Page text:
Innovations In Clinical Neuroscience

CNS Summit 2016

A peer-reviewed, evidence-based journal for clinicians in the field of neuroscience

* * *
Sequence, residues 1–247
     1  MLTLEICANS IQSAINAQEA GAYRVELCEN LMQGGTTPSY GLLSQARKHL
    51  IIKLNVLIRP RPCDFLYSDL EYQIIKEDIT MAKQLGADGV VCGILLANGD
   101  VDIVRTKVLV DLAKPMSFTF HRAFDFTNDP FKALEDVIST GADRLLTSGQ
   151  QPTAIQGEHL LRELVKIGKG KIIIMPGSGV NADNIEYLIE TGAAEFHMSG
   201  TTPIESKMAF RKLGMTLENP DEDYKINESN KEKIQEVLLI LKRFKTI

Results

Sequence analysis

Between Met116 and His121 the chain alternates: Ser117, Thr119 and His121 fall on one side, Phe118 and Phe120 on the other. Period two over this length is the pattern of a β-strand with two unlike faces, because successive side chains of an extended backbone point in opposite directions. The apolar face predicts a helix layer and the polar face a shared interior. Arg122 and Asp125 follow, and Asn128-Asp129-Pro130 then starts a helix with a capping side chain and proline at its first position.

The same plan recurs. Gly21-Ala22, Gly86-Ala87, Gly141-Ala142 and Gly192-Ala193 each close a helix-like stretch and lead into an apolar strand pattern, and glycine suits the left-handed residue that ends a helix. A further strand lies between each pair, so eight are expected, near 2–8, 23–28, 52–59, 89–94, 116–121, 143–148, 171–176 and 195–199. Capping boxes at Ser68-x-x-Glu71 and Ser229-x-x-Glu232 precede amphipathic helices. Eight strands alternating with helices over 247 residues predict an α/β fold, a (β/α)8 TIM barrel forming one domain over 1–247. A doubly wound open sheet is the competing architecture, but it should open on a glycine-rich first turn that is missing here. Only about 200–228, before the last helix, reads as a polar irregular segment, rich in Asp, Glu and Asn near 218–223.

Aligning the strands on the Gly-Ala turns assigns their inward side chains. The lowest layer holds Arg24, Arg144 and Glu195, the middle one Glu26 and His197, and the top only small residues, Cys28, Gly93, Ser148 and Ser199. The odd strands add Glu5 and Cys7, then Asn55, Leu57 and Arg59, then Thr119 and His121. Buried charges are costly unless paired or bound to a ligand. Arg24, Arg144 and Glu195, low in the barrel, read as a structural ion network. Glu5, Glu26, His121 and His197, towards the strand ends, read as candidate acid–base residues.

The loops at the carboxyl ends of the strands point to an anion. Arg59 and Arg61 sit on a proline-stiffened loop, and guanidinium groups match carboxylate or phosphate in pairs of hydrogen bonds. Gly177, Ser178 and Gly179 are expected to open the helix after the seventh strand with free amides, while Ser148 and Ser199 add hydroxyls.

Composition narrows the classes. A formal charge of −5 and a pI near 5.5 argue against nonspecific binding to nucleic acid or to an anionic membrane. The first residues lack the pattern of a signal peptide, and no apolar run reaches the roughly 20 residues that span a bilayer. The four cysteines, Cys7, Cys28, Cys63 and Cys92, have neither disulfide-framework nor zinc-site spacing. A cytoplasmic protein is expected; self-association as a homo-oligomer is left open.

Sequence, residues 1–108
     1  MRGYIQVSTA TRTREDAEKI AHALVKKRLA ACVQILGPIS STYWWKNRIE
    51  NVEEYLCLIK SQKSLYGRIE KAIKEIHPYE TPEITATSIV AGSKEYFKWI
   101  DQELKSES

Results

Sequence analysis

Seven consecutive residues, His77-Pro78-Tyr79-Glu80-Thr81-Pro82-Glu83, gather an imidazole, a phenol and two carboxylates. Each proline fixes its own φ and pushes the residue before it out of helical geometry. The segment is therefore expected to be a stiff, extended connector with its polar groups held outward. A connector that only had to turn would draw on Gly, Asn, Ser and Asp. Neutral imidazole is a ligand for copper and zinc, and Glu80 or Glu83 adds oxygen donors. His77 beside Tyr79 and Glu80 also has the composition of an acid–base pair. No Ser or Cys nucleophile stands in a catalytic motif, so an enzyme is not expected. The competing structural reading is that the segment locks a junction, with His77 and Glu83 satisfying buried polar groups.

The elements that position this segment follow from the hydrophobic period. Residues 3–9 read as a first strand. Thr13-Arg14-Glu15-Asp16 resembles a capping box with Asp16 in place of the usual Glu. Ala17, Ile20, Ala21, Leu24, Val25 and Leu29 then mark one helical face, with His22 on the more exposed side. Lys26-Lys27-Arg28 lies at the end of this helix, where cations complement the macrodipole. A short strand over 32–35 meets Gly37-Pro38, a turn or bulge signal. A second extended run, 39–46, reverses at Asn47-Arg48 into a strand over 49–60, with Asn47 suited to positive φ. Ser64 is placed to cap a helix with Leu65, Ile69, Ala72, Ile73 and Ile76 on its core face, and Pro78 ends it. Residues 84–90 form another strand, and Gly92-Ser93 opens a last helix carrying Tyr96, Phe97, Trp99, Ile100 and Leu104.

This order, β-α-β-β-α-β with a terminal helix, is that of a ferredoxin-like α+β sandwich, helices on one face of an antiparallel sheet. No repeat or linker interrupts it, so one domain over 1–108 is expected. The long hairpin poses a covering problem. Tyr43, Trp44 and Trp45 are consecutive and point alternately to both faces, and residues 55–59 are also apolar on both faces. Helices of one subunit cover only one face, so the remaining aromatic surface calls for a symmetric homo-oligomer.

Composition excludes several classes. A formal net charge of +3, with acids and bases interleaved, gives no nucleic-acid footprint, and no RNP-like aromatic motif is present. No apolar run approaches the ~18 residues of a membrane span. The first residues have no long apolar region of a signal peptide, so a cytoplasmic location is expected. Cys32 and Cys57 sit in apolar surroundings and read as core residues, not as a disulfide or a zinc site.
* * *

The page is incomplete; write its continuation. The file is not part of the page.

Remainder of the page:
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Innovations in CLINICAL NEUROSCIENCE [ V O L U M E 1 4 , N U M B E R 1 – 2 , J A N U A R Y – F E B R U A R Y 2 0 1 7 , S U P P L E M E N T ] S14 required for the United Kingdom, including the street scene and bus appearance. Conclusion: Cross-cultural adaptation o f the VRFCAT revealed significant variations across English-speaking cultures and highlighted the importance of appropriate adaptation of functional assessments for use in multinational trials. D isclosures/funding: AS Atkins, BK Saxby, SE Kelley, M Hamby, P Roux, M Gonzalez, J Madden, and M Stankovic are full-time employees of NeuroCog Trials. RSE Keefe is owner and CEO of NeuroCog Trials, the company that developed the VRFCAT as a proprietary instrument and provides commercial distribution and support services. Support provided by National Institute of Mental Health under award R44MH084240. Development of neurophysiological- based biomarkers for neurodegenerative disease and psychiatric disorders using EEG Presenters: Waninger S 1 , Berka C 1 , Stikic M 1 , Korszen S 1 , Salat D 2 , Verma A 3 Affiliations: 1 Advanced Brain Monitoring, Inc., Carlsbad, California; 2 MGH/MIT/HMS Athinoula A. Martinos Center for Biomedical Imaging, Department of Radiology, Massachusetts General Hospital, Charlestown, Massachusetts ; 3 Biogen, Cambridge, Massachusetts Background: Successful drug development for neurodegenerative diseases and psychiatric disorders requires objective, reliable, and accurate measures to evaluate disease progression and therapeutic efficacy. The potential of neurophysiological biomarkers using electroencephalography (EEG) has been highlighted in ongoing studies at Advanced Brain Monitoring on Parkinson's disease (PD), Alzheimer's disease (AD), mild cognitive impairment (MCI), mood disorders, and posttraumatic stress disorder (PTSD). Design: Using our wireless B-Alert X24 system with a standard 10–20 montage, we acquired and analyzed EEG data both during resting state and neurocognitive tasks designed to activate the neural circuits involved in attention, memory, and emotion and elicit event-related potentials (ERPs). For resting state, data were acquired for five minutes with eyes closed (EC) and five minutes with eyes open (EO). These data were decontaminated and converted from the time domain to the f requency domain using Fast Fourier Transform (FFT) to calculate power spectral densities (PSD) grouped into the standard EEG bandwidths (delta, theta, alpha, beta, and gamma). Comparison of P SD from AD and MCI patients to healthy, age-matched controls indicated distinguishing features, particularly the "slowing" of EEG exemplified by an increase in slow wave bands and a decrease in fast power that is typically observed in patients with cognitive decline. The source of the abnormal EEG in MCI patients was localized to the middle and superior temporal gyrus and fusiform gyrus using low resolution electromagnetic tomography (LORETA). Variables extracted from the resting state data (i.e., absolute PSDs, relative PSDs, and wavelets) were grouped together into a feature vector, and the most discriminative variables were selected to construct linear discriminate function analysis (lDFA) models. Results: Application of lDFA to the MCI dataset resulted in high accuracy and specificity using auto-validation or leave- one-out cross-validation. Although a great deal of information was derived from resting state data, we captured engagement of neural circuits during neurocognitive tasks that stimulate and elicit neural patterns associated with attention, memory, and emotion. One such task, three-choice vigilance (3CVT), is a visual choice reaction time task designed to measure sustained attention and target detection. EEG data acquired during the 3-CVT task indicated significantly longer peak latency in the parietal N2 component of the ERP in a PTSD cohort compared to healthy control cohort. Conclusion: These data provided further evidence that PTSD patients have increased difficulty with attentional resources, and identified a potential biomarker for PTSD disease progression. Both resting state and event-related EEG data have potential for use as cost- efficient, noninvasive, pharmacodynamic endpoints in neurodegenerative disease and psychiatric disorder clinical trials of experimental therapeutics. Disclosures/funding: None reported. Discrepancies between CGI-S score and PANSS item level scores—an exploratory analysis P resenters: Kott A, Daniel D, Affiliations: Bracket Global, Wayne, Pennsylvania Objectives: The objective of this study was to identify and characterize factors a ssociated with discrepancies in the rating of the Clinical Global Impression- Severity (CGI-S) scale versus the Positive and Negative Syndrome Scale (PANSS) in a large database of schizophrenia clinical trials rating data. Design: We retrospectively analyzed 67,698 subject visits from 15 multicenter, double-blind, placebo- controlled schizophrenia trials. CGI-S versus PANSS item level discrepancies were operationally defined as ratings where CGI-S score was at least three points below the highest individual PANSS item score. Using univariate logistic regression models, we assessed the effect of overall and individual symptom severity, PANSS total versus CGI-S discrepancy, region, study type, visit type, and changes in raters on the presence of the discrepancies. Results: In this database, the prevalence of CGI-S versus PANSS item level discrepancies was 1.33 percent (904/67,698). Visit type, study type, and region had significant effects on the presence of item discrepancies. Increased item severity and different raters significantly increased the odds of PANSS item CGI-S discrepancies, while the odds significantly decreased with increasing overall severity. Conclusion: We found a prevalence of more than one percent of PANSS item level versus CGI-S discrepancies. In their majority, these discrepancies were distinctly different from PANSS total score versus CGI-S discrepancies. We identified multiple factors significantly impacting on the presence of these item level discrepancies. We conclude that algorithms assessing possible PANSS- CGI discrepancies should consider individual item severity in addition to total scores. Further research is necessary to replicate and understand better the findings. Disclosures/funding: Both authors are full time employees of Bracket.